The barrage of incidents left the community feeling particularly under siege as it observed Hanukkah, a celebration of a time long ago when Jews had defied external aggressors to openly practice their faith.


“People are afraid to send their kids out to school,” said Benny Polatseck, 30, an Orthodox Jewish community activist who lives in Monsey. “There is real angst.”

Four Orthodox Jewish elected officials, in a letter sent to Gov. Andrew M. Cuomo on Sunday, went further.

“It is no longer safe to be identifiably Orthodox in the state of New York,” they wrote in a letter to Gov. Andrew Cuomo after the attack. “We cannot shop, walk down the street, send our children to school, or even worship in peace.”

The five victims of the attack at the home of the rabbi, Chaim Rottenberg, were taken to the hospital. Four of them were treated there and released. As of Sunday afternoon, one remained there with a skull fracture, officials said.

Thomas, 38, was later arrested in Harlem, about 30 miles from Monsey, with blood on his clothes, officials said. According to the federal complaint, officers found both a machete and a bloody knife in the car.

On Sunday, Thomas pleaded not guilty to five counts of attempted murder and one count of first-degree burglary.


A statement issued Sunday night by a lawyer, Michael Sussman, in the name of the family said Thomas “had a long history of mental illness and hospitalizations” and “no known history of anti-Semitism.”

The federal complaint did not provide dates of Thomas’ journal entries, but it said he had searched online for pages expressing anti-Semitic sentiments as early as Nov. 9.

According to the complaint, one statement in his journals suggested that he had been influenced by the Black Hebrew Israelite movement, a religious group to which officials also linked one of the attackers in the Jersey City shooting.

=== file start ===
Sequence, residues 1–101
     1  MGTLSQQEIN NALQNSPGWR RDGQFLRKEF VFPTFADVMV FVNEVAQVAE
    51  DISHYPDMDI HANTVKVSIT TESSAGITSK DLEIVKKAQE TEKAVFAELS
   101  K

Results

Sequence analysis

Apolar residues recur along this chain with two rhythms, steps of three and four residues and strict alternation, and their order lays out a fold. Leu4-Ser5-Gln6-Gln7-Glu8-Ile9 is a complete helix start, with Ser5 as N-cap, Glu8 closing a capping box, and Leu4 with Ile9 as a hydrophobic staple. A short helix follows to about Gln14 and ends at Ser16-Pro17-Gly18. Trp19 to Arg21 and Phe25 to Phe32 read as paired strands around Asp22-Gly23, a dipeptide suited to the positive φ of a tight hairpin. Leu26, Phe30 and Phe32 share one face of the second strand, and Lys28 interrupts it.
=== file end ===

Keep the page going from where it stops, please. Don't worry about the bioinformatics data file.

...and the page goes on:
While the movement is not known for promoting violence, some of its offshoots have been described as hate groups by the Southern Poverty Law Center and the Anti-Defamation League, which track extremist organizations.

Officials have not linked the Monsey stabbing and the Jersey City shooting, and they have not established whether Thomas was part of the Black Hebrew Israelite movement.

On Sunday, Cuomo said he had ordered the State Police’s hate crimes force to investigate the rampage.


The governor also called the Monsey stabbings an “act of domestic terrorism,” the phrase that officials eventually used to describe the Jersey City shooting.

In their letter to Cuomo, the four Orthodox Jewish elected officials urged him to declare a state of emergency. They asked him to deploy the New York National Guard to protect Jewish enclaves across the state and to appoint a special prosecutor to investigate anti-Semitic violence.

As of Sunday, New York City had seen a 23% rise in anti-Semitic hate crimes so far this year, according to police data.

Since the attack in Jersey City on Dec. 10, the New York City Police Department had been deploying more officers to protect synagogues, Shea, the police commissioner, said. Over the weekend, it stepped up patrols in three Brooklyn neighborhoods after what officials called an “alarming” increase in incidents last week.

After the Monsey attack, the city’s Police Department said it was adding four to six officers per shift, who will focus on houses of worship and community events.

The department is also installing additional security cameras in the three Brooklyn communities and installing six more light towers in one of them.

Cuomo also ordered the State Police to increase patrols in Orthodox Jewish neighborhoods across the state.

“We should be celebrating this week,” Rabbi Joseph Potasnik, executive vice president of the New York Board of Rabbis, said Sunday. “Celebrating life. Not commemorating the loss of life and the attack on life.”